11. 14. g. The anterior pituitary is sometimes called the master endocrine gland because controls the activity of so many other glands. <ul><li>The anterior pituitary is controlled by hormones </li></ul><ul><li>released by the hypothalamus </li></ul>
  12. 16. 2. The Posterior Pituitary gland produces 2 hormones <ul><li>Oxytocin - stimulates uterine contractions during childbirth; </li></ul><ul><li>stimulates the release of milk in nursing mothers </li></ul>b. Antidiruetic Hormone (ADH) - stimulates the kidneys to reabsorb water from the urine and so decreases the volume of fluid lost in the urine; also raises blood pressure due to fluid retention
  13. 18. B. Thyroid Gland 1. The thyroid gland produces 2 hormones. a. Thyroid hormone - controls the rate at which glucose is turned into energy controls the body's metabolism requires iodine <ul><li>Calcitonin - lowers blood level of calcium by </li></ul><ul><li>causing it to be deposited in the bones </li></ul>
  14. 22. D. Adrenal Gland - located above the kidney - there are two functional parts - the cortex and the medulla - The Adrenal Cortex produces 3 groups of steroidal hormones <ul><li>Aldosterone - stimulates the kidneys to reabsorb sodium </li></ul><ul><li>and flush out potassium causing blood levels of sodium to rise </li></ul><ul><li>and blood levels of potassium to fall; </li></ul>water follows sodium therefore Aldosterone causes water retention and can affect blood pressure; When blood pressure drops the kidneys release rennin - stimulates the release of aldosterone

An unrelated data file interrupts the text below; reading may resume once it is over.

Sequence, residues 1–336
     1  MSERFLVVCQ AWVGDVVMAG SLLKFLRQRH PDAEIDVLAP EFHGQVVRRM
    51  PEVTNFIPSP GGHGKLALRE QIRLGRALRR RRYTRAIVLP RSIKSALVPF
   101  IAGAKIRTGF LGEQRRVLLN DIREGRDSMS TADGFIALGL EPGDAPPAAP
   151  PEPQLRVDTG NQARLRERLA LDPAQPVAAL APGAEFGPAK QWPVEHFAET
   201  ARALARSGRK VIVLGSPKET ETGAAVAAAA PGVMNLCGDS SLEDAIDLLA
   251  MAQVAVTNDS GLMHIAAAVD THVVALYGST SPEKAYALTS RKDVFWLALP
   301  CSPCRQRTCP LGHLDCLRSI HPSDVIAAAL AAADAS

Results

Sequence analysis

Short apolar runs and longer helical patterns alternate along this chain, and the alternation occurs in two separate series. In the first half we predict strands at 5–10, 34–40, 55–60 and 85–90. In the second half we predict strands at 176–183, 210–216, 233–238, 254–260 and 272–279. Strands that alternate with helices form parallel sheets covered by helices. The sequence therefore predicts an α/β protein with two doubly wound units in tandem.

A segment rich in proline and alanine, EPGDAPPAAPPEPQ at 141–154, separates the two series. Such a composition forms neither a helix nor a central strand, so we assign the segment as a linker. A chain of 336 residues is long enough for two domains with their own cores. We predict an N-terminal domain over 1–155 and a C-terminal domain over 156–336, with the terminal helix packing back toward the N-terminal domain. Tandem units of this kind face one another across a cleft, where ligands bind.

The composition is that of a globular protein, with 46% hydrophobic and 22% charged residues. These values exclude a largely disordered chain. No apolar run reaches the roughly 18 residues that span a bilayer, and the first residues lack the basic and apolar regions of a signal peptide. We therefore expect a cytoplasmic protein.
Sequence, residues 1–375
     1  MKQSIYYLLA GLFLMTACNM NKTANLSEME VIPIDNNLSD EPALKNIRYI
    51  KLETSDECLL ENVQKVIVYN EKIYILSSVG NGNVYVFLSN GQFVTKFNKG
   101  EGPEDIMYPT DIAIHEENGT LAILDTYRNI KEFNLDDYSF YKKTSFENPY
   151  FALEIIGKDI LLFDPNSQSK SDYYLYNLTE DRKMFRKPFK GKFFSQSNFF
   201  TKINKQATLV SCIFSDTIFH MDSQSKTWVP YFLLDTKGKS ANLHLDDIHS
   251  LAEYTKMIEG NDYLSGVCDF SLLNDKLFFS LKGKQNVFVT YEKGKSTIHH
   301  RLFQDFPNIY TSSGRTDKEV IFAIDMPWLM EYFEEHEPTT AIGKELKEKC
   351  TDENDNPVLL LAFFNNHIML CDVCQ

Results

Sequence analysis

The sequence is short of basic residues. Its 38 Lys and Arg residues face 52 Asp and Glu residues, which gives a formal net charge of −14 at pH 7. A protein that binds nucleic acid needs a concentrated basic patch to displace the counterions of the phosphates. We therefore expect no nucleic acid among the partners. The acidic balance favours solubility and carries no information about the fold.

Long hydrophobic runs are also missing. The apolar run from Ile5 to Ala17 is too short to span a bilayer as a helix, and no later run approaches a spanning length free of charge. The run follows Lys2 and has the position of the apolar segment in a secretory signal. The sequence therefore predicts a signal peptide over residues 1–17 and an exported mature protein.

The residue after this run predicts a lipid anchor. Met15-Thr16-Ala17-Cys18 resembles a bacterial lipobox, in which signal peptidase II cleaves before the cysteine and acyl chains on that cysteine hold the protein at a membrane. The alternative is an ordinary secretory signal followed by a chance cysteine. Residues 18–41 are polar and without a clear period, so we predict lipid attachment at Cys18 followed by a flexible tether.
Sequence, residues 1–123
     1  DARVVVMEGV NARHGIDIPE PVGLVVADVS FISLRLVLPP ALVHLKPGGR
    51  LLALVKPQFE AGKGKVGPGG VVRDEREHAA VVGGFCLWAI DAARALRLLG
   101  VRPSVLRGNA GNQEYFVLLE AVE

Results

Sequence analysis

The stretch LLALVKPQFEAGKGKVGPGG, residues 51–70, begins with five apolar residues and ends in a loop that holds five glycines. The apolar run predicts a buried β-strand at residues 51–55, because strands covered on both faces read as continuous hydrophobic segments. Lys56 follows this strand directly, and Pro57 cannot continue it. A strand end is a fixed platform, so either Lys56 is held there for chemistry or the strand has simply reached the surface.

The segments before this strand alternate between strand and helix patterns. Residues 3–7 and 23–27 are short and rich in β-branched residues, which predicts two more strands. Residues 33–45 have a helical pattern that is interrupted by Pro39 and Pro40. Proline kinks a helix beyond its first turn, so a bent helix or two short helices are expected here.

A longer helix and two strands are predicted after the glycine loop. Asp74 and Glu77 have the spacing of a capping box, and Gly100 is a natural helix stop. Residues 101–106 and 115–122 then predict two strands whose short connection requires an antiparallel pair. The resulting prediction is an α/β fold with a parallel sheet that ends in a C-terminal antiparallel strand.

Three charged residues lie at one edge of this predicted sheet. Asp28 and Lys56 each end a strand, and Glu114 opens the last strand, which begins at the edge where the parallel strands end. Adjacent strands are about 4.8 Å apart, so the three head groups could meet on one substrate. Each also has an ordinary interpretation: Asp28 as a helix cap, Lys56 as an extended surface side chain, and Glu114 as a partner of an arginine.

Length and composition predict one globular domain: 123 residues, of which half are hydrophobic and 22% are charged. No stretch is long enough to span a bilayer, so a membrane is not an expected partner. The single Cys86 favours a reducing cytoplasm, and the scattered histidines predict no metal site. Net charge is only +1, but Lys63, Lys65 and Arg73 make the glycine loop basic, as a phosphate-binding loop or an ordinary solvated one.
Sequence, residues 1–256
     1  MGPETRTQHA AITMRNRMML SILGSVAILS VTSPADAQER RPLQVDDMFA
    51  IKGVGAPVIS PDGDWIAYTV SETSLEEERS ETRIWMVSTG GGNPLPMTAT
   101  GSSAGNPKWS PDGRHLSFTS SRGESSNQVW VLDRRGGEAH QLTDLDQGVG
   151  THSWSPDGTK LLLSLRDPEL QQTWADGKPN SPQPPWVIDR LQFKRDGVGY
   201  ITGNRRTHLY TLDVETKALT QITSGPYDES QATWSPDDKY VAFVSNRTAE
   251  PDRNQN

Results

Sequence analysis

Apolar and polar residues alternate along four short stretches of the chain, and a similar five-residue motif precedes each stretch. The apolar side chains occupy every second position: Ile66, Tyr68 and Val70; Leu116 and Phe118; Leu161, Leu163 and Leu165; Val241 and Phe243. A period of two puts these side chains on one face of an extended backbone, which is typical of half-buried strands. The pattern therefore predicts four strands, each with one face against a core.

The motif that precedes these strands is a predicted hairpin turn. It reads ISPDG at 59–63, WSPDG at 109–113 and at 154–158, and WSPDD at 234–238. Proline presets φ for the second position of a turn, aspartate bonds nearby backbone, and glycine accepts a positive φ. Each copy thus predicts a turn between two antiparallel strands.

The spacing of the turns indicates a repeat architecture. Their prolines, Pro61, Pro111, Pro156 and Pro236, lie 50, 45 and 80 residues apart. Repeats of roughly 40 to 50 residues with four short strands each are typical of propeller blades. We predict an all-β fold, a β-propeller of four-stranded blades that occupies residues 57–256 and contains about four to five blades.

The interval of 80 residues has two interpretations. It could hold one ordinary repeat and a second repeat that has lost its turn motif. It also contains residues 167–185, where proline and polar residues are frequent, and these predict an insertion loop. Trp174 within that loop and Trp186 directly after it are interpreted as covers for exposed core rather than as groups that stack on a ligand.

15. 23. 2. Glucocortoids have the following effects: - promote normal metabolism - resistance to stress - stimulates glucose production - reduces inflammation - reduces edema, reduces pain
  16. 24. 3. Sex Hormones - Androgens in males Estrogen in females The Adrenal Medulla produces 2 hormones 1.      epinephrine 2. norepinephrine 3.       They both mediate the fight or flight response – raise blood pressure increase respiration increase heart rate dilate the air ways increase blood glucose levels
  17. 25. E. Pancreatic Islet Cells – the Islets of Langerhans These cells produce 2 hormones        Insulin is produced by the beta cells - released in response to increased glucose levels in the blood - increases a cells transport of glucose across the cell membrane - it lowers blood glucose levels
  18. 26. b. Glucagon is produced by the alpha cells. - released in response to lowered blood glucose levels - stimulates the liver to break down glycogen to form glucose - increases blood glucose levels
  19. 29. F. Pineal Gland – located in the brain The function of this gland is not well understood. The gland does produce Melatonin Melatonin levels vary with each 24 hour period of time. Melatonin may play a role in our bio rythyms.   G. Thymus – present in the fetus and neonate. Not present in adults 1. The thymus produces a hormone that stimulates the maturation of lymphocytes
  20. 30. H. The Gonads – testis and ovary 1. The ovary produces female hormone – estrogen. It produces secondary sex characteristics. <ul><li>The ovary also produces progesterone – </li></ul><ul><li>it maintains normal pregnancy. </li></ul><ul><li>The testis produces male hormone – testosterone. </li></ul><ul><li>It produces secondary sex characteristics. </li></ul>
  21. 31. . I. The Placenta 1.      Produces Human Chorionic Gonadotropin – stimulates the corpus luteum to continue to produce estrogen and progesterone during the first third of the pregnancy. 2.    During the second and third trimester the placenta produces estrogen and progesterone. <ul><ul><li>3. The placenta produces Human Placental Lactogen – it </li></ul></ul><ul><li>prepares the breasts for lactation. </li></ul><ul><li>The placenta produces Relaxin – it causes the bones of the </li></ul><ul><li>pubis to relax in preparation for birth. </li></ul>